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School District 65 released students’ results on the 2011 ISATs in a 2011 Accountbility Report this week. Under the No Child Left Behind Act, 85% of the students in each student subgroup were required to meet or exceed standards in reading and math on the 2011 ISATs, or alternatively, satisfy a safe harbor requirement. Generally, the safe harbor requirement may be met by reducing the percentage of students who fail to meet AYP by 10% from the prior year.

The table above shows, on an aggregated basis, the percent of District 65 students in six different subgroups that met or exceeded standards in reading and math on the 2011 ISATs (“LEP” refers to students who are “limited-English proficient”): 

School District 65 as a whole did not meet AYP or the safe harbor requirement for black students and students with disabilities in reading on the 2011 ISATs. 

Seven of the District’s schools failed to meet AYP in reading for students as a whole or for one subgroup on the 2011 ISATs: Dawes (Hispanic students); Kingsley (low-income); Lincoln (low-income); Oakton (all students); Chute (students with a disability), Haven (black students), Nichols (students with a disability), King Lab (low-income).

Two of the schools failed to meet AYP in mathematics for one or two subgroups on the 2011 ISATs: Chute (students with a disability), Haven (students with a disability and low-income).

Oakton and Chute were required to offer parents the option to transfer students to another school in the District because they failed to meet AYP and are in Year 1 Improvement Status. Washington met AYP for all student subgroups on the 2011 ISATs, but was required to offer parents the option to transfer students to another school because it failed to meet AYP in the prior two years.

Approximately 50 students opted to transfer to another school under the school choice option, almost 30 from Oakton School. None of the District’s schools were subject to AYP requirements for LEP students and none of the District’s K-5 schools or magnet schools was subject to AYP requirements for students with a disability because they had too few students in these groups to be subject to AYP reporting requirements.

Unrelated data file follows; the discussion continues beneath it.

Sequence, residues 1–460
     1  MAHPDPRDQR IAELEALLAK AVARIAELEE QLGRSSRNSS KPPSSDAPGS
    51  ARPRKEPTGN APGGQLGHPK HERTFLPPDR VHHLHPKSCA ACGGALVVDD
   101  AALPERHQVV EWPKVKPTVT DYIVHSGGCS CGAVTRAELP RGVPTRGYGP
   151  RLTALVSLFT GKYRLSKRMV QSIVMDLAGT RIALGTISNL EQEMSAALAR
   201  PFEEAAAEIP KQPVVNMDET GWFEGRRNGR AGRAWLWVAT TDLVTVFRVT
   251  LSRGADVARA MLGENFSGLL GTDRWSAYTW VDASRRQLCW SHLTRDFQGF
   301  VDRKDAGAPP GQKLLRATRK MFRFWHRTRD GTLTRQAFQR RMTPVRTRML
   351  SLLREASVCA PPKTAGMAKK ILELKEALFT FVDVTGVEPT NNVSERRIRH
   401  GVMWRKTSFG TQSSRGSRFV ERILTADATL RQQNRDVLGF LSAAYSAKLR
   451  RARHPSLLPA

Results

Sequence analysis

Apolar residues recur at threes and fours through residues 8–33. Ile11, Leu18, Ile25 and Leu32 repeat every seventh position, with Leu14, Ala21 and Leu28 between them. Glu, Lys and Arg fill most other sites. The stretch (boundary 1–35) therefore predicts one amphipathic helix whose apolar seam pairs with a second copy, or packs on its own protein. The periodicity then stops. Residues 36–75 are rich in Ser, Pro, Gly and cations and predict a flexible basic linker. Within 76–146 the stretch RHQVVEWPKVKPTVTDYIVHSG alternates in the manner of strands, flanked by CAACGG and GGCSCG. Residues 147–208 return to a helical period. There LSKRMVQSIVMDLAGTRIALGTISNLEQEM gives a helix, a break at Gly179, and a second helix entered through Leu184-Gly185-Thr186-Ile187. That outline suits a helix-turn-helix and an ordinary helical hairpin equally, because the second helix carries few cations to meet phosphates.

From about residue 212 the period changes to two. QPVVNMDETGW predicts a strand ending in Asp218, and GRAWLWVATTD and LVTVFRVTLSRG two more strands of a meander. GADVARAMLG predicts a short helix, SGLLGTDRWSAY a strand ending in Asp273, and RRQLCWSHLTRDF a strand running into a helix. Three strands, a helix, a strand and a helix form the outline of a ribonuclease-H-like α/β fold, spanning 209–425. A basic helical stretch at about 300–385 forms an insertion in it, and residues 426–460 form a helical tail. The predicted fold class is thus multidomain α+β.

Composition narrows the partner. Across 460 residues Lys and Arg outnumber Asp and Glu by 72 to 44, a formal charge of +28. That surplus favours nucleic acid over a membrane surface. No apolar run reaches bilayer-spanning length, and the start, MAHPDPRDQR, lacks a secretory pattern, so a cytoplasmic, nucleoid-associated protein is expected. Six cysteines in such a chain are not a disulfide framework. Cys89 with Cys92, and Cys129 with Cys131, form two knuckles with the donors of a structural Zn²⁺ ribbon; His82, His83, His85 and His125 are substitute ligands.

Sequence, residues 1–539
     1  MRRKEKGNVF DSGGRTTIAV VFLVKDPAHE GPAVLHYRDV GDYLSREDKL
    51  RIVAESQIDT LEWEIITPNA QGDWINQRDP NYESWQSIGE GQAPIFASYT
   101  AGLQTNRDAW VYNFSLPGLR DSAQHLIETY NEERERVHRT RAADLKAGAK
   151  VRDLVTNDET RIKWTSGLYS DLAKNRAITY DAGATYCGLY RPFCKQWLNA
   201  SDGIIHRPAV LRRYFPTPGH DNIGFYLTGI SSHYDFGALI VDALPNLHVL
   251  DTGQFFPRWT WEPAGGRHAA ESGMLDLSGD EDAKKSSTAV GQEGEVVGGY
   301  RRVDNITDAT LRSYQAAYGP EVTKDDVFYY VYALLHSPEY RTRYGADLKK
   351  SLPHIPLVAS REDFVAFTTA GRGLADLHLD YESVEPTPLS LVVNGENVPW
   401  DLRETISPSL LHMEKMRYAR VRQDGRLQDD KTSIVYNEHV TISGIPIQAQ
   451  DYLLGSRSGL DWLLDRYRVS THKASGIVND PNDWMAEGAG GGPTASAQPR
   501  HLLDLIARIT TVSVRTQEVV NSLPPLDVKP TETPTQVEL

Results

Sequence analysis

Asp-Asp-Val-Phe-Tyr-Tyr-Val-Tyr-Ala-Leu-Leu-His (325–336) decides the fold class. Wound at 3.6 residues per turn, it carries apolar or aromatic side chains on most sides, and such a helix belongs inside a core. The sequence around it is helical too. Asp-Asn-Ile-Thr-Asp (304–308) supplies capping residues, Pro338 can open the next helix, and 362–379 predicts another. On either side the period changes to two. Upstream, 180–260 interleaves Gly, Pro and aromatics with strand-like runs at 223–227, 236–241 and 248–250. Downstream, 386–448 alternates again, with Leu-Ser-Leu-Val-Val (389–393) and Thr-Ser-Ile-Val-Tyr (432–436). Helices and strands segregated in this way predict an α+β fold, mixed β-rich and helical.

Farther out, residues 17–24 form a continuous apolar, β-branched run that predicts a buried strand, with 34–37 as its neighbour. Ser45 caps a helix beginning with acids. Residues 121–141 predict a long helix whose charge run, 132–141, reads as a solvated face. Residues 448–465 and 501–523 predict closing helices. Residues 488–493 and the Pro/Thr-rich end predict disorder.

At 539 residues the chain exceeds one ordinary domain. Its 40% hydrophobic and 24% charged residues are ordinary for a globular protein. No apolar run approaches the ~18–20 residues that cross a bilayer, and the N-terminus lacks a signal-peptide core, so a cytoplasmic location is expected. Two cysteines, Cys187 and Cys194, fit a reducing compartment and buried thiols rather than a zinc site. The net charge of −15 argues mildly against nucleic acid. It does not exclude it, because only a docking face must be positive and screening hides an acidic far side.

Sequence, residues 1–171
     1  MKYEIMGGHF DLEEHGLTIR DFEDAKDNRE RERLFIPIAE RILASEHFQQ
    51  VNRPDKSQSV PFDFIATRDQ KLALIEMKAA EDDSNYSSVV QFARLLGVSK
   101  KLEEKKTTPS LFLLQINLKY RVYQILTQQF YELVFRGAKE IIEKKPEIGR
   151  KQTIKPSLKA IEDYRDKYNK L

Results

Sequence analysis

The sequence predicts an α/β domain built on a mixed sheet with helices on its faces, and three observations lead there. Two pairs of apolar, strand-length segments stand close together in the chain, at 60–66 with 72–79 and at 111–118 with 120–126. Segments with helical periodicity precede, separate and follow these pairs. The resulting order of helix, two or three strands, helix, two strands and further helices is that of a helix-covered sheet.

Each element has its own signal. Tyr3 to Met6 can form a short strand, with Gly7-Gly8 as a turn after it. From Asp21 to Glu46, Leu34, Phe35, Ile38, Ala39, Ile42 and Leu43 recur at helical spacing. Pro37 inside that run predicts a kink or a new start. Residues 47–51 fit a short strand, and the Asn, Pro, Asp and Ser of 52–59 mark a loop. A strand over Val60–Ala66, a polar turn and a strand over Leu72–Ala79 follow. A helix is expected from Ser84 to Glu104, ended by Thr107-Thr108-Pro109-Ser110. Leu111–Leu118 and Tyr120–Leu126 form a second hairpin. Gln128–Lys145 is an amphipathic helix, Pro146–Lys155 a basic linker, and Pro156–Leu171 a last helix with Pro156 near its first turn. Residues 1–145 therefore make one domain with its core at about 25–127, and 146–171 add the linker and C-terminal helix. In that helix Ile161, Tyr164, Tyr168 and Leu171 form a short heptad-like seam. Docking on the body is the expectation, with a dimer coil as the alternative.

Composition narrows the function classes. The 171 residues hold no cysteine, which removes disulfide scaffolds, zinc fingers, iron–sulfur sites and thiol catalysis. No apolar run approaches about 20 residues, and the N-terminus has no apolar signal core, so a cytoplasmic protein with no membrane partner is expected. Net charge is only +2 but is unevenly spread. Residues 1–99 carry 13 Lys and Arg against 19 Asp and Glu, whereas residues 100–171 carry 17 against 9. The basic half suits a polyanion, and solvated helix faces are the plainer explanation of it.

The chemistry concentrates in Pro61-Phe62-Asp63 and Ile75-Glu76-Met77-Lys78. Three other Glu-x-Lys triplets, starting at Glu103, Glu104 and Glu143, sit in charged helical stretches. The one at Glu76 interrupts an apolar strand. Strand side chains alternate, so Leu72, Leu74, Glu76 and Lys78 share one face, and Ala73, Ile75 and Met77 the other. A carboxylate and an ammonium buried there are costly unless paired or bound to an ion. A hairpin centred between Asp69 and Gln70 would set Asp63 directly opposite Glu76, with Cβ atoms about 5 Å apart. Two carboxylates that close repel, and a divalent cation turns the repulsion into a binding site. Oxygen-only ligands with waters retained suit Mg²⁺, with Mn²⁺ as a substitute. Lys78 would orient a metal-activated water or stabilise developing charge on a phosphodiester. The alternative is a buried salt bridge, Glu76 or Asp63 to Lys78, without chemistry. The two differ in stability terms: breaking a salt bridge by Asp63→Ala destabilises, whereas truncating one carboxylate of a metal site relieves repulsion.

Illinois is continuing to use a benchmark to “meet standards” on the ISATs that is ranked among the lowest in the country – most recently, 41st in reading and 45th in math at the eighth-grade level, according to a recent study, “Mapping State Proficiency Standards Onto NAEP Scales: 2005-2009” (2011), conducted by the National Center for Education Statistics at the U.S. Department of Education. For eighth-grade reading and math, the benchmarks to “meet standards” on the ISAT are set at the 20th national percentile, using the National Assessment of Education Progress (NAEP) and the Measures of Academic Progress (MAP) tests as yardsticks.

The Board plans to discuss the Accountability Report at an early-morning meeting to be scheduled in October.

% D65 Students Meeting/Exceeding

                          Reading   MathBlack                     77%      84%Hispanic               79         89White                    97         99LEP                          63         83Low-Income          76         85Disability              51         68